Don’t call Cage The Elephant a rock band.
Sure, if you look back at the last decade of the rock charts, you’d be hardpressed to find a band that has shown more dominance in the genre. Since the Kentucky six-piece offered up their self-titled debut album in 2008, they’ve topped the Billboard Alternative Songs chart a staggering eight times, with four other songs landing in the top 10. It’s a remarkable run that puts them behind only Red Hot Chili Peppers, Linkin Park, Green Day, and Foo Fighters in the chart’s history for the most No. 1s, and tied with U2.
Then there is the band’s revelatory live show, a swaggering presentation that often features the members exploring every corner of the performance space, leaping into the sky with abandon, and plunging into the audience with gusto. No two sets from the troupe are quite the same, with the group seemingly taking its cues from legends like The Rolling Stones, with the kind of charisma that could easily translate to a stadium, even if the band hasn’t quite earned the following yet to put them as headliners in the largest spaces available. But just because the shoe fits, that doesn’t mean it’s necessarily comfortable to wear.
“I don’t really feel tied to any genre specifically,” frontman Matt Shultz frustratedly claims early in our phone conversation when asked about his band’s place in the rock world, clearly bothered by the tendency to reduce the group to its most basic attributes. “That might come across surprising, but I find them incredibly hindering to the creative process.”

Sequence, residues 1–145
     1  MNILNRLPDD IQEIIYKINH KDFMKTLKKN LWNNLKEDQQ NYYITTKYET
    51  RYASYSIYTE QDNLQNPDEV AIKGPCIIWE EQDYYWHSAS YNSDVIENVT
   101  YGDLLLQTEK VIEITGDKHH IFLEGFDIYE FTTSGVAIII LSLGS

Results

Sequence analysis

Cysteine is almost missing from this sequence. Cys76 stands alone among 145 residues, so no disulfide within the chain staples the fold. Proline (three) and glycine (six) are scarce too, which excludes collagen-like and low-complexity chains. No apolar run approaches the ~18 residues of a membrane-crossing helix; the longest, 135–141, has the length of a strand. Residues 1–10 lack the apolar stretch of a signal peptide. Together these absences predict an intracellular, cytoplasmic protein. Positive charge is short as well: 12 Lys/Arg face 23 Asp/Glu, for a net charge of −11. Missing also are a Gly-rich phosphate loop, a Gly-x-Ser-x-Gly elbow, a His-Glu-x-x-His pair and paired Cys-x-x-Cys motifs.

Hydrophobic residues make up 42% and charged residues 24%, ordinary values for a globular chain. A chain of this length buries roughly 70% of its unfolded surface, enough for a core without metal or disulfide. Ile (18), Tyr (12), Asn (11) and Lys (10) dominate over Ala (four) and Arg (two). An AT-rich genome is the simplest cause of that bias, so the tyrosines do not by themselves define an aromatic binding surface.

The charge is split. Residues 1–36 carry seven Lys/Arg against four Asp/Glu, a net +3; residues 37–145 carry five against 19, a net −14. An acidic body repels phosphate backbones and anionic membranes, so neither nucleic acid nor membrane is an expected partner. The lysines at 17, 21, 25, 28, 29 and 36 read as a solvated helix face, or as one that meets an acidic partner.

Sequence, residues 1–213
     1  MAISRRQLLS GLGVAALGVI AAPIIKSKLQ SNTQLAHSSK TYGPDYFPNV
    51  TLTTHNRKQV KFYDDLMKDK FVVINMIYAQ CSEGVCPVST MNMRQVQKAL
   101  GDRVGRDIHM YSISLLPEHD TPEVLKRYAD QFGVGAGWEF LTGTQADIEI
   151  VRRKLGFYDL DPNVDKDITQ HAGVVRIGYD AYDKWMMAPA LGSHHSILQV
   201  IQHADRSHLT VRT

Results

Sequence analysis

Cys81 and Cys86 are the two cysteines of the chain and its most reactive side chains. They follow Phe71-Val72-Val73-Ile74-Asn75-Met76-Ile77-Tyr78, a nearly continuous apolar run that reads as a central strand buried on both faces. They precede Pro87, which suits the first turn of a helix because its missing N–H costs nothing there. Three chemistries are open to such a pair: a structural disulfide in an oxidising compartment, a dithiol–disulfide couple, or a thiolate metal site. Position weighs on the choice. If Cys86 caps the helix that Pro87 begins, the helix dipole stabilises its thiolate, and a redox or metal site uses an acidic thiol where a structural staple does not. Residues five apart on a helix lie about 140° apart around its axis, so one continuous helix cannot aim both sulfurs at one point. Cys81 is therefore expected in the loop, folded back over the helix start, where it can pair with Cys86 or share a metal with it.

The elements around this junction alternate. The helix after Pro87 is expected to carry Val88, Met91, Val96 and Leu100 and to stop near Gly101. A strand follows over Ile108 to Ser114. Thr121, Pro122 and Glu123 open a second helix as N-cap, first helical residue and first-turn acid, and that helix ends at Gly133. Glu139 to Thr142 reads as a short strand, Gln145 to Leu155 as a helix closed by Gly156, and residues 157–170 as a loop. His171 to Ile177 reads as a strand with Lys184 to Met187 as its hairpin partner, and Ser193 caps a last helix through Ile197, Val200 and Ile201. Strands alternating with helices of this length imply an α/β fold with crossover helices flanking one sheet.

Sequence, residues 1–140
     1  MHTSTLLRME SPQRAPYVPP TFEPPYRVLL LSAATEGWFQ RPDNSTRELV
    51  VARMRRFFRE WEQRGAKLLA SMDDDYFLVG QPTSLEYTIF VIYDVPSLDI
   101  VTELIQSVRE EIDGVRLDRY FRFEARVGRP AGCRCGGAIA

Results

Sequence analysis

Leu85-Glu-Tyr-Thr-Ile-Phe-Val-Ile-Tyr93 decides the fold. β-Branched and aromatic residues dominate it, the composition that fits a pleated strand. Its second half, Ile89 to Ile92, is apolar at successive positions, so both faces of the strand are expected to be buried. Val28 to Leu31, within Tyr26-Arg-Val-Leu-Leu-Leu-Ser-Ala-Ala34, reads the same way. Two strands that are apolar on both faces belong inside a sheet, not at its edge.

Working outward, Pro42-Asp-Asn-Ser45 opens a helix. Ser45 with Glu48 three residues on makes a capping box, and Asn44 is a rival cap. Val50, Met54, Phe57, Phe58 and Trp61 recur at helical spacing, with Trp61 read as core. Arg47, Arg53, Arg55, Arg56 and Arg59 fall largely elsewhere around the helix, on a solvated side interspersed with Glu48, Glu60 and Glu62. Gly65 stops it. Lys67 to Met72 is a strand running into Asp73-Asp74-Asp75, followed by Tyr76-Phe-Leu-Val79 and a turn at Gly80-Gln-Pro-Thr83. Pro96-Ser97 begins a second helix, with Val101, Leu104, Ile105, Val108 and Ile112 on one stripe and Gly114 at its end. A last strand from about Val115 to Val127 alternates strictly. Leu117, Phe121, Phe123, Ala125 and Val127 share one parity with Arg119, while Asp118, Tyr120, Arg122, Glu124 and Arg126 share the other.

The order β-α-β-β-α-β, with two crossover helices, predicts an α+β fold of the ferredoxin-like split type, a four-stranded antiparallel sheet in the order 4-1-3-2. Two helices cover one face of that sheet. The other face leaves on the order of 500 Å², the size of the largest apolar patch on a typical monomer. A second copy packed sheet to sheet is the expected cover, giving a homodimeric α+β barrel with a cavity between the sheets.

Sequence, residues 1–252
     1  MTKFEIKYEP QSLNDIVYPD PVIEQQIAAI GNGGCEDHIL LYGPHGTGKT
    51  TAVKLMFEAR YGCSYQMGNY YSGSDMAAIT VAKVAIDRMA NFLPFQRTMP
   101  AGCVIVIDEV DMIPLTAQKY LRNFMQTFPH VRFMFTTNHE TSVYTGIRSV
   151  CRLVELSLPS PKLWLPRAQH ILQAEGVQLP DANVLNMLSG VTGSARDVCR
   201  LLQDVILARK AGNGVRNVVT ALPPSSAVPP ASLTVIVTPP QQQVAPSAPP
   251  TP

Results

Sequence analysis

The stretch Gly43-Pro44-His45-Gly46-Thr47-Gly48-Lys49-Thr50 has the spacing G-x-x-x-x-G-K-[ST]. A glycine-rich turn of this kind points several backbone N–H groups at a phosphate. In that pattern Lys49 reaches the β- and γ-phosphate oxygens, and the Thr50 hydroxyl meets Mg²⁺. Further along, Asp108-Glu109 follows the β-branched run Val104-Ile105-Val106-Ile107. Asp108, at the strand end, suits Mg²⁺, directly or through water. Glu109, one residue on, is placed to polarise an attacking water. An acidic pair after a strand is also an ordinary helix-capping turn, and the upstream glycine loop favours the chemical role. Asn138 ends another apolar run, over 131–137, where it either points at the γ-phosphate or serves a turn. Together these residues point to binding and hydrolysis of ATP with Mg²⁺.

On the band’s latest album and their first since winning the Grammy for Best Rock Album for their previous release, 2015’s Tell Me I’m Pretty, Shultz is putting his money where his mouth is. Social Cues undoubtedly has plenty of sturdy guitarwork (the Vapors-sounding “Tokyo Smoke,” the fuzzed-out groove of “Dance Dance), moments of post-punk flair (the anthemic album opener “Broken Boy,” the attitude-driven single “House Of Glass“), and more than a couple emotionally-charged ballads (the tender and spare “Love’s The Only Way,” the lush album-closing “Goodbye“), but more than ever, the band’s varying tastes have crept into the fold. Look no further than their collab with Beck, “Night Running,” for forays into dub and hip-hop that sound something like an updated Specials for the 21st century, or the gentle orchestration of “What I’m Becoming” that places the band into the sort of timeless territory that many artists fail to ever achieve. Every album from the band is equal parts reinvention and refinement, and Social Cues finds Cage The Elephant more confident than ever in that formula, not relying on the tricks that got them to this point, but moving bravely into the unknown.
Social Cues is also the most personal album of the band’s career, taking root lyrically in the dissolution of Shultz’s marriage. References to the relationship’s end can be found throughout, often directly in songs like “Goodbye” and their current chart-topping track “Ready To Let Go.” The personal toll that it took for Shultz to record the album has been well-documented, with his bandmates (guitarist brother Brad Shultz, drummer Jared Champion, bassist Daniel Tichenor, guitarist Nick Bockrath, and keyboardist Matthan Minster) offering both emotional support and a platform to exorcize his demons. In our conversation, which has been edited and condensed for clarity and length, Shultz expands on the pain that fed into the album’s creation and the joy that comes out of the artistic process.